No, the witch who had stolen it had to have been from one of the five great houses. Though again, why this witch would steal it was a mystery to the ancient Grimoire. After all, it had been set up in the Great Library. All witches had access to it. It had never been kept behind a glass case, never locked away from the world of the witches. Anyone who wanted to access the knowledge it contained was more than welcome. Why someone would try to steal it… A great mystery that the book itself was desperate to solve.
    The book had been there since the first witches. Those five great men and women. Karyn Hawthorne, who had made its pages from a tree she had grown herself. Matthias Glimmer, who had collected the ink from an octopus. Lainey Swift, who had stirred its pages with a breeze. Thomas Ember, who had dried the ink on its pages. And of course Alexandria Hart, who had filled its pages with knowledge. These five people had created the Grimoire. And their descendants had maintained it. All witches, whether they be descended from one of the great five, or from any of the lesser witches who had come about over the years, as long as they had good in their heart would be able to touch the book that had been painstakingly made, and all were welcome to it.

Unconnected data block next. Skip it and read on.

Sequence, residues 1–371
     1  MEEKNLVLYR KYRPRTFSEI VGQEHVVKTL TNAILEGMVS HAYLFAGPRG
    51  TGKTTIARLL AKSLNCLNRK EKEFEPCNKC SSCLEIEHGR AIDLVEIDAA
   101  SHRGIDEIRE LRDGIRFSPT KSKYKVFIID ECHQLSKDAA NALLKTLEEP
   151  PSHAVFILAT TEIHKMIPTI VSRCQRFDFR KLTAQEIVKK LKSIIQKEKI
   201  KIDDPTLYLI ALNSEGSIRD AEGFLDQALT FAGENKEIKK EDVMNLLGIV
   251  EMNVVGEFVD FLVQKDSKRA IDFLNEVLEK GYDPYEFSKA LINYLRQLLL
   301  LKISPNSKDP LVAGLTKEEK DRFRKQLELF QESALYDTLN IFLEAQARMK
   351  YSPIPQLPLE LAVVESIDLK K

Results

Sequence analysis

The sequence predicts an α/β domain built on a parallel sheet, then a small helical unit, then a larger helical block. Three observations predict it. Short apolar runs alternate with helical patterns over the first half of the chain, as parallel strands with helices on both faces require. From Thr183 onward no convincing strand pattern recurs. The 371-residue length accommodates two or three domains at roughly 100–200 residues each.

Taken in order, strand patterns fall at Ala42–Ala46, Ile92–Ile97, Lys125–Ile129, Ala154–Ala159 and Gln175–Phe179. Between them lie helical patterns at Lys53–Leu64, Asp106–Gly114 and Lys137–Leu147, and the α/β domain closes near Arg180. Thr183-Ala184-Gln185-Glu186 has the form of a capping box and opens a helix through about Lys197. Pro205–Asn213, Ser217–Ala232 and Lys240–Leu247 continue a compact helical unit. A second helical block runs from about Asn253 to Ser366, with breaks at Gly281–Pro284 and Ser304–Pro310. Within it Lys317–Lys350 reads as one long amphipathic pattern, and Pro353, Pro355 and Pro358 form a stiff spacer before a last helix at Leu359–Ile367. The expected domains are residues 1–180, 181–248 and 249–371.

It was large enough even had someone wanted to steal it, for whatever reason, almost no one would even think to. But the book had felt the touch of magic in that flesh. Whoever this witch was had prepared to steal it. They had imbued themselves with strength, enough to be able to lift the heavy Grimoire, filled with generations of knowledge and spells, from the five great families from where they had spread all over the world.
    The sack was jostled, suddenly, and the book landed with a thud in its Hessian prison. Perhaps now it would find out for what purpose it had been stolen. Instead, the book was left there. For days, it stayed in the sack. Now and then it felt a brief touch as the same witch that had stolen it checked to make sure it was still there. It heard comings and goings. There were two people in this room, the one who had stolen it and another. That was all it could determine, however.
    Eventually, it began to hear names, and to distinguish them. There was Adeline, who appeared to be the girl who had stolen it. There was Michelle, the other girl. She was a faerie. Something that the Grimoire had not encountered in a long time, and it itched to be taken out by the faerie, to be read. Days passed, however, and it didn’t get its chance.